Mexico’s Citizen Observatory of the Justice System, the Due Process of Law Foundation, Latin America Working Group, and the Washington Office on Latin America cordially invite you to an event featuring:
José Antonio Guevara Bermúdez
Executive Director, Mexican Commission for the Defense and Promotion of Human Rights (CMDPDH), Mexico
José Luis Gutiérrez Román
Executive Director, Human Rights Legal Assistance (AsiLEGAL), Mexico
Ana Dulce Aguilar García
Project Director, Institute of Procedural Criminal Justice (IJPP), Mexico
In 2008, Mexico passed a series of constitutional and legislative reforms designed to make its justice system more effective, efficient, and transparent. In recognition of the magnitude of the reforms, the Mexican Congress established an eight-year transition period for their implementation, which ends in 2016. So far, progress has been slow and only four states are fully operating under the adversarial judicial model in which the prosecution and defense present competing evidence and arguments in open court.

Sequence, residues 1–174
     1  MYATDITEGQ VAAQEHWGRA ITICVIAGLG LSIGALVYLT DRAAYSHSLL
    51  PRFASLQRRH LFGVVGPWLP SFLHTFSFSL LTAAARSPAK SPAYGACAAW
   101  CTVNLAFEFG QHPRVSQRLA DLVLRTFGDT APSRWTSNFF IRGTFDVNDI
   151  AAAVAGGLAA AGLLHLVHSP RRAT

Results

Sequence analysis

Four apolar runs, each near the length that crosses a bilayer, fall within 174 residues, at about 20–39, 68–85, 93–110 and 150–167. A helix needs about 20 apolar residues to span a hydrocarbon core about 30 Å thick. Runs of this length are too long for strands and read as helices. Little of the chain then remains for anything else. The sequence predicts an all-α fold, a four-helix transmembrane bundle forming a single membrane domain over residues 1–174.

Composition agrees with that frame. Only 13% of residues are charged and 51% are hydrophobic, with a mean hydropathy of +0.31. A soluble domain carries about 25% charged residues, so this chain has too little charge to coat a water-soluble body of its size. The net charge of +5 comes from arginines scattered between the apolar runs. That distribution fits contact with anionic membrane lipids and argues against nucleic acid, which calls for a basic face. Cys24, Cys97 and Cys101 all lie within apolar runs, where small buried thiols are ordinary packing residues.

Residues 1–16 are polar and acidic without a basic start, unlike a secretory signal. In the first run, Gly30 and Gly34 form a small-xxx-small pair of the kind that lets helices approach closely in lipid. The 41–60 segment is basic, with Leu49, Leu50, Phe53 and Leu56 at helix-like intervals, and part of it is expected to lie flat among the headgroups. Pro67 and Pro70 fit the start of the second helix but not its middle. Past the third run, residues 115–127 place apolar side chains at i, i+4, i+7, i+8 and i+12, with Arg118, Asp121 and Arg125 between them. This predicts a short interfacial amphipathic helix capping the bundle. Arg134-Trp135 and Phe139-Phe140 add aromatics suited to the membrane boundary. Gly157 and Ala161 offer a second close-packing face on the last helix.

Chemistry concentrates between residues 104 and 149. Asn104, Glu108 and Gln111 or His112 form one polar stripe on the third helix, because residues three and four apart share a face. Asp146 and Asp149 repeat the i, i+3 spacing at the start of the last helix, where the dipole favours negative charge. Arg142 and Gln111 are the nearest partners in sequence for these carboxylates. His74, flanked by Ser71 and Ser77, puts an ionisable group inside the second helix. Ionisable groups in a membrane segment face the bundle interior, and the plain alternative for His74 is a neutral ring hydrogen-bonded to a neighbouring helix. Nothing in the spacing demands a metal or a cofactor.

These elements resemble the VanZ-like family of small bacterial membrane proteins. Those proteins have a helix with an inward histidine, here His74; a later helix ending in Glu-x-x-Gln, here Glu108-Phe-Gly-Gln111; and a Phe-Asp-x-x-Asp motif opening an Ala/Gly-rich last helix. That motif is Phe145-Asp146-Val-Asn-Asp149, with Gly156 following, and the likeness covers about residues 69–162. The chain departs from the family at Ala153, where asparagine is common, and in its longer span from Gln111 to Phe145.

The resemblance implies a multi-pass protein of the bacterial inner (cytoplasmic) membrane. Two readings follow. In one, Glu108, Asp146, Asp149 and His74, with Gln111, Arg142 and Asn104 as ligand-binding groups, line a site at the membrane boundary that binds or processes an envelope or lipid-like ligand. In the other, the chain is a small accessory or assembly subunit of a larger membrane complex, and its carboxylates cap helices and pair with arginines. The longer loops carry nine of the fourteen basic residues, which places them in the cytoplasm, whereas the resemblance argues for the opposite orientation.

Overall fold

Reforming Mexico’s criminal justice system is a monumental and urgent task. Currently only around ten percent of crimes in Mexico are ever reported, mainly due to citizens’ lack of trust in the system. Of all of the crimes committed, investigations are only started in about six percent of the cases, with even fewer leading to convictions.
Please join us for a lively panel discussion with representatives from the Mexican organizations who form part of the Observatorio Ciudadano del Sistema de Justicia (Citizen Observatory of the Justice System) to examine Mexico’s justice reforms from a human rights perspective. The three experts will speak about the origins of the justice reforms and the implications of the 2011 human rights constitutional reforms. They will also discuss the current realities and challenges for implementing the reforms, including the persistence of pre-trial detention and other preventative measures in the new accusatory system. This is an opportunity to learn about the current state of justice reform in the country from a group of uniquely qualified experts based in Mexico.